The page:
“Do what we can,” Wilson’s New England predecessor Ralph Waldo Emerson wrote in one of his essays, “summer will have its flies; if we walk in the woods we must feed mosquitoes.” If they collected fire ants, they must suffer the stings. “We came back [to Harvard] with the requisite one hundred thousand worker ants (roughly estimated, not counted!),” Wilson reminisces, “and my hands covered with itching welts from the stings of many angry ants.” His hands, and the hands of his colleagues. They never again volunteered to collect fire ants with Ed Wilson.
Now the chemists went to work teasing out the trail pheromone. They did that by steam-distilling batches of their solvent-dissolved ants, extracting the oily glandular secretions from the distillate with petroleum ether, another common laboratory solvent, and then separating the Dufour’s gland component with gas chromatography. Wilson tried laying trails with this extract to see if the ants responded as they had in his earlier experiments that used the crushed gland itself. They did, he reported in the journal Sciencein March 1959; the extract produced “trail-following responses of nearly comparable magnitude to those produced by [crushed Dufour’s] gland preparations.”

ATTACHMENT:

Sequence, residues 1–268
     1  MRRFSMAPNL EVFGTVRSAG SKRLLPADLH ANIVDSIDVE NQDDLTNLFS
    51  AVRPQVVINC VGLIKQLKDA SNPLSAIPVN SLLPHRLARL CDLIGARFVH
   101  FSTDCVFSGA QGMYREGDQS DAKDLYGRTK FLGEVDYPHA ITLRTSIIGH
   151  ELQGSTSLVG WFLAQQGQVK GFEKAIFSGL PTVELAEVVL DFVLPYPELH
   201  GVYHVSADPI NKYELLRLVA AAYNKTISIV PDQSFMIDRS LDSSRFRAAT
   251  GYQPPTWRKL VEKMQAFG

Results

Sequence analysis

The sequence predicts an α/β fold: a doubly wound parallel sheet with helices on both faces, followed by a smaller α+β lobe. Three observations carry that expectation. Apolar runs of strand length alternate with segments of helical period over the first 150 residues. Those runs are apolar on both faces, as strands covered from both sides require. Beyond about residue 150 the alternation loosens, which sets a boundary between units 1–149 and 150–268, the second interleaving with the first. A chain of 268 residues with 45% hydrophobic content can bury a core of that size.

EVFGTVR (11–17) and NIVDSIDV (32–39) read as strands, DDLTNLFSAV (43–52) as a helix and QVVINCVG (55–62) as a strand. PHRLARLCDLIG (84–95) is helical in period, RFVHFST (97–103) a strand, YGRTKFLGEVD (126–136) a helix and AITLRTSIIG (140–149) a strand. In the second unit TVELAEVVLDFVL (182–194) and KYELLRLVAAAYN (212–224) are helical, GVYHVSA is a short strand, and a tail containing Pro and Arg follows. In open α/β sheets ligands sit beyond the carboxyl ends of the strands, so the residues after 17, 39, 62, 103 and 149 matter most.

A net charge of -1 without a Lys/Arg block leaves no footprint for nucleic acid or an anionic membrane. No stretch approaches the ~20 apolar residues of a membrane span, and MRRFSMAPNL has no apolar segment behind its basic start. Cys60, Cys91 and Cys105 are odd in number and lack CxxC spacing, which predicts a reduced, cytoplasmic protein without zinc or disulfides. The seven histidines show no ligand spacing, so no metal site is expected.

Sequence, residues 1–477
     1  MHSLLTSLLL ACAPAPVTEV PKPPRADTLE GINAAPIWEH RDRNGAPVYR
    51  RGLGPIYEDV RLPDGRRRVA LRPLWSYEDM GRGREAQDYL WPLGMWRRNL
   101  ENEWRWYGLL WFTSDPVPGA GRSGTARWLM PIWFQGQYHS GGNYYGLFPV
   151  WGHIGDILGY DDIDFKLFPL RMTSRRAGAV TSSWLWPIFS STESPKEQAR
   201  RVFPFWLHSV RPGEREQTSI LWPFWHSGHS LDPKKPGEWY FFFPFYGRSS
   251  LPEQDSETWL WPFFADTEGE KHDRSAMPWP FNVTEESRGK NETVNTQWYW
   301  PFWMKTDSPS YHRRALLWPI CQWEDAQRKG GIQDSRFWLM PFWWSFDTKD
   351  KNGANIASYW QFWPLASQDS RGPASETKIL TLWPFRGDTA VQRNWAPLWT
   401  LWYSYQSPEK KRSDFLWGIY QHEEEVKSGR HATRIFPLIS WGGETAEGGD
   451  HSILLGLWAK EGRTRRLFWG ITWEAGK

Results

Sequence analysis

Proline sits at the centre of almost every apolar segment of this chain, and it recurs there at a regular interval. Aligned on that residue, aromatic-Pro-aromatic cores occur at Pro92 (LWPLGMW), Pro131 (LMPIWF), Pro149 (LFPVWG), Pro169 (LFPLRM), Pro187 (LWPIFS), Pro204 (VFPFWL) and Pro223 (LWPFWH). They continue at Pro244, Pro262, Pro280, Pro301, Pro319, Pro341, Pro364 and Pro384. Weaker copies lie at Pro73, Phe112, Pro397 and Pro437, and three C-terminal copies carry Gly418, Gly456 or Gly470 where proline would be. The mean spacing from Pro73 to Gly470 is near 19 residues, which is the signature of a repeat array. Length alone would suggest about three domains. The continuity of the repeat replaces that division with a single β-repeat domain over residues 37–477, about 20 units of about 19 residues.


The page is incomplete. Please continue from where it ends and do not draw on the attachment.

Wilson was thus the first investigator in the world to identify the basic system whereby ants communicate, an original and significant achievement. Along with that work in 1958 and 1959, he published more than 20 scientific and popular scientific papers in journals as diverse as Science (the premiere U.S. scientific journal), Psyche (a leading entomological journal), Pacific Insects, Natural History, and Scientific American. It isn’t surprising that he was awarded lifetime tenure and an associate professorship at Harvard in 1958, at the young age of 29. He’d earned the distinction, however much it made Jim Watson swear.
“Ceaseless and Futile Turmoil”
Yet, despite his and his chemist colleagues’ painful work of fire-ant collection and pheromone extraction—not to mention the tedious repetitiousness of running the trail-following experiments six and more times each, measuring and counting, keeping track of ants no bigger than bread crumbs—the experimental trail trailed off. The Dufour’s gland substance proved to be “a relatively simple molecule,” Wilson writes, “—a terpenoid—and its complete molecular structure seemed within reach.” (Plants and insects produce a large variety of biologically active volatile oils known as terpenoids, many with intense odors, among them citronella, rose oil, and turpentine.) But the more the chemists purified the secretion, the less eagerly the ants responded. Something was awry.